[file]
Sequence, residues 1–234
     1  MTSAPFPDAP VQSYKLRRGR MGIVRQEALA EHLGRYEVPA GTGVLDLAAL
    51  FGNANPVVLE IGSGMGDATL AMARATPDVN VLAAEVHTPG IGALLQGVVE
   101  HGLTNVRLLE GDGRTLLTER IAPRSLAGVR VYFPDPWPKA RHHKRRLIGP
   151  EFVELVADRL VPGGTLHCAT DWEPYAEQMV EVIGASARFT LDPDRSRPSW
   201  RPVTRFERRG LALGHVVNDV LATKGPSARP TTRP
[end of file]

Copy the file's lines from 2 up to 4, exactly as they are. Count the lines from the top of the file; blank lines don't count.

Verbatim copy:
     1  MTSAPFPDAP VQSYKLRRGR MGIVRQEALA EHLGRYEVPA GTGVLDLAAL
    51  FGNANPVVLE IGSGMGDATL AMARATPDVN VLAAEVHTPG IGALLQGVVE
   101  HGLTNVRLLE GDGRTLLTER IAPRSLAGVR VYFPDPWPKA RHHKRRLIGP